Reading With Charlie

Like many three year old kids, Charlie loves Dr. Seuss books.  When he is by himself, he will very likely pick up Oh Say Can You Say or One Fish, Two Fish and pretty soon I will hear him “reading” the books to himself, giggling as if he was being tickled.

The weird thing is that Charlie does not bring me Dr. Seuss books.  Charlie brings me everything else- books by Eric Carle, Disney books, pop-up books, even books in German or Japanese or French given to us by various friends who speak different languages.  I “read” those to him without a problem.  Instead, Charlie brings Dr. Seuss books to Mike who loves to read Dr. Seuss books.  Mike savors and relishes all the Dr. Seuss word plays and puns, hits all the consonants, rolls with all the vowels.  Mike actually reads the books while Charlie, enjoying the aural silliness, pays very close attention.

I think that because he now differentiates between the languages he speaks with me and Mike, Charlie probably understands that Dr. Seuss books are not the books that I can “read.”  Charlie must subconsciously know the unfortunate truth:  I dislike most Dr. Seuss books.  There’s no mystery to my dislike as it’s actually very simple:  Dr. Seuss books are very dependent on the (spoken) English words, making them impossible and foolish to translate.  Phrases like “Hop on Pop” pose a problem:  how would I translate that in Bisaya?  “Ambak kang Papa,” I would insist on translating, much to Charlie’s confusion.  “Stop, You must not hop on Pop” becomes “Undang, ayaw pag ambak kang Papa.”  It is ridiculous, I know, but I do it, anyway, because I only read (and speak) to Charlie in Bisaya.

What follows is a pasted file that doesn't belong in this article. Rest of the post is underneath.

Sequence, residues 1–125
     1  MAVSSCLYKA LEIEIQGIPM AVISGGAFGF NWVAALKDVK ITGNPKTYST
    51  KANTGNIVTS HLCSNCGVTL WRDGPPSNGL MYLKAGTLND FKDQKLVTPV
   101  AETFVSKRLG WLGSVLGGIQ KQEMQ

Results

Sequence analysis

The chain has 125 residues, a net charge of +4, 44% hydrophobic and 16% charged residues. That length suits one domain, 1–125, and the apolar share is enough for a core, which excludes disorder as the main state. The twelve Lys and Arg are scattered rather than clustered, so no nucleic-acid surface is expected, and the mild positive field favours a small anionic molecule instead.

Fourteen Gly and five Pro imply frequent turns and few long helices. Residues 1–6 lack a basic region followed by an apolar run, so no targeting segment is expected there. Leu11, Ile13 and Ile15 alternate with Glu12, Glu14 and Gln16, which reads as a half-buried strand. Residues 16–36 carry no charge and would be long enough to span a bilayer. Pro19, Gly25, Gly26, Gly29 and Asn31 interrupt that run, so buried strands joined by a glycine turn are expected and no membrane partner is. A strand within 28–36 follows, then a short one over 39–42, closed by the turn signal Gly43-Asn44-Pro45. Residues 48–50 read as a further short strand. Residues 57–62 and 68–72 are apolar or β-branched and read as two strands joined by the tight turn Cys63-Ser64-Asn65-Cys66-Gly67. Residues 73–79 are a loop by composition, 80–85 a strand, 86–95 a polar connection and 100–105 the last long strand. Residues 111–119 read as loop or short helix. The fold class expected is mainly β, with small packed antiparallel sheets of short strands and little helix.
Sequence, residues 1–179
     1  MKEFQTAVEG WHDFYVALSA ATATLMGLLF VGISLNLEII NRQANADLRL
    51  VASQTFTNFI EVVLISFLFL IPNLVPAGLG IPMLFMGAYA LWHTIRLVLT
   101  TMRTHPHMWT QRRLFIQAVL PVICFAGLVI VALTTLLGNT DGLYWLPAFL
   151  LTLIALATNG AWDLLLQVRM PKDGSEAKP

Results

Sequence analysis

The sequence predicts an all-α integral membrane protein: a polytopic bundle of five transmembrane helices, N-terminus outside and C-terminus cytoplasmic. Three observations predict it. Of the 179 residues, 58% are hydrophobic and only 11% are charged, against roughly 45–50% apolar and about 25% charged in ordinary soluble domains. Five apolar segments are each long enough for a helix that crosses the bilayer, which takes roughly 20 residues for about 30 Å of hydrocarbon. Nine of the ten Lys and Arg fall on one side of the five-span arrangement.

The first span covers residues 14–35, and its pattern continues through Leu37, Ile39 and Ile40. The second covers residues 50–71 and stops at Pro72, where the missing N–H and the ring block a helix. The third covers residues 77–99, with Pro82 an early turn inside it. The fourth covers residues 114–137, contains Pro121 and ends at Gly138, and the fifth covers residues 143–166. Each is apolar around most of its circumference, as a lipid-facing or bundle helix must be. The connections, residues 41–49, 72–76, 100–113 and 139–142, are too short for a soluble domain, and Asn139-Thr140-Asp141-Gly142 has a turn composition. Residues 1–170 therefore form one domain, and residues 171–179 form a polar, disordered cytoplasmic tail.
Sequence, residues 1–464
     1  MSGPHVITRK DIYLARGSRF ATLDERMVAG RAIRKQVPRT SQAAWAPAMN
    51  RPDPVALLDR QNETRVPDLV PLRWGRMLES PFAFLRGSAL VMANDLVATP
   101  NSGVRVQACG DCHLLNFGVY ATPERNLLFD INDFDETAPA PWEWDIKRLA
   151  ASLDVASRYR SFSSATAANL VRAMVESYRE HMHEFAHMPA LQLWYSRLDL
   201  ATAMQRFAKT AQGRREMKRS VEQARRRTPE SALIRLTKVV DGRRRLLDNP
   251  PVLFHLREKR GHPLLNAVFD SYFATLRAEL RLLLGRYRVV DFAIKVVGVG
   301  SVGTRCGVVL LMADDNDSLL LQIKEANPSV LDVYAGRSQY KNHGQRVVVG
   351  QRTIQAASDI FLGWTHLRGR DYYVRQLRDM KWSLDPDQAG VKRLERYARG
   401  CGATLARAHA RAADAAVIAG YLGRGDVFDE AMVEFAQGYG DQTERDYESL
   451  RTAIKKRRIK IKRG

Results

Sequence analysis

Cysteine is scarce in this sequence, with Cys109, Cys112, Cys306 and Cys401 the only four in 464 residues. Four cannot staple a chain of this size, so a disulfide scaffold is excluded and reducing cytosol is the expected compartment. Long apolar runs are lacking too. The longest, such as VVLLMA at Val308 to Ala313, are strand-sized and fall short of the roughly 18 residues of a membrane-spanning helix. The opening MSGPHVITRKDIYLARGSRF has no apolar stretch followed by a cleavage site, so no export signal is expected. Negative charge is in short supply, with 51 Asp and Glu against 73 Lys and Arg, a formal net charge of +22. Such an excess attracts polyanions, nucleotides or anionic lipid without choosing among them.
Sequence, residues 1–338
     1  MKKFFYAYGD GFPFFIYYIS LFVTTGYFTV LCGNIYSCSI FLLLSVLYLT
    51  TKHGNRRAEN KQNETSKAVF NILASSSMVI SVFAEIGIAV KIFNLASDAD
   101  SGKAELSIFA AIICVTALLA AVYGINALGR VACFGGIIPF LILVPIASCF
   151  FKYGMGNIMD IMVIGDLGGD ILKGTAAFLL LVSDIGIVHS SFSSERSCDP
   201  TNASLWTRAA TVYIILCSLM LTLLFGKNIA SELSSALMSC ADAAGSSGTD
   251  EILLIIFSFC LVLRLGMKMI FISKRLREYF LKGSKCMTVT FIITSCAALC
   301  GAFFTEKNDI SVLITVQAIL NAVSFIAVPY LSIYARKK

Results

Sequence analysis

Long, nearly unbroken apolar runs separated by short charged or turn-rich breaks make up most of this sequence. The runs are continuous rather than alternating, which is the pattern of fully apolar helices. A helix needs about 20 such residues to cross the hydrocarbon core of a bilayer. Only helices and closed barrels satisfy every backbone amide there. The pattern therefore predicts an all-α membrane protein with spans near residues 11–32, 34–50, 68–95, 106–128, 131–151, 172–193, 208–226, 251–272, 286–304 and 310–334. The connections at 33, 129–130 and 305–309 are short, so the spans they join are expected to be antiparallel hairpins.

Aside from the translation impossibility, Dr. Seuss books sometimes have no story to tell.  One Fish, Two Fish.  Hop on Pop.  What are these books about?  I don’t really know their plots.  I realize now that I don’t actually read books to Charlie.  I tell him stories, in Bisaya, using books in English or other languages because there are no books in Bisaya (or maybe there are but I don’t have them).  I’d like to think that aside from the fact that I am teaching him how to speak Bisaya while we are “reading,” I’m also helping him develop a critical skill- the skill of storytelling, a skill that is separate from reading.  As I go through the act of reading- opening the book, turning the pages, – I’m also telling him a story, which sometimes has very little to do with the printed words but lots to do with the drawings/graphics.

This brings me to an even greater realization.  When we read, Charlie and I start with the cover and I point out every single illustration- we name them, give a background story, etc.  We don’t turn to the next page until we have exhausted every single detail.  I marvel at this and realize that all this is ironic because I, myself, am not a visually oriented reader.  When I read graphic novels or comic books, I immediately read the printed words in the bubble, oftentimes neglecting to look and appreciate all the details in the pictures.  When I read with Charlie, I have to actively retrain myself to notice the actual image on the pages, to slow down, look, pore over details, appreciate, and enjoy all the book has to offer.  The way I read with Charlie is so much different from how I have been reading all my life!

I thought I had reading down but I guess not.  But I’m working on it, one picture at a time, with Charlie’s help.  And he doesn’t even know it.